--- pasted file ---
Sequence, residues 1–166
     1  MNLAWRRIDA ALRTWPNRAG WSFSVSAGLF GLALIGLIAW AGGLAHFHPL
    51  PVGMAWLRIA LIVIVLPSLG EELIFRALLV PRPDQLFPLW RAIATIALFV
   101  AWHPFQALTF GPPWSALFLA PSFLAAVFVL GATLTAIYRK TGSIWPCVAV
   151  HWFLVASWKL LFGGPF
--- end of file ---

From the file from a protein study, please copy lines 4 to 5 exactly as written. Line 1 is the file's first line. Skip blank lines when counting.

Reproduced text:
   101  AWHPFQALTF GPPWSALFLA PSFLAAVFVL GATLTAIYRK TGSIWPCVAV
   151  HWFLVASWKL LFGGPF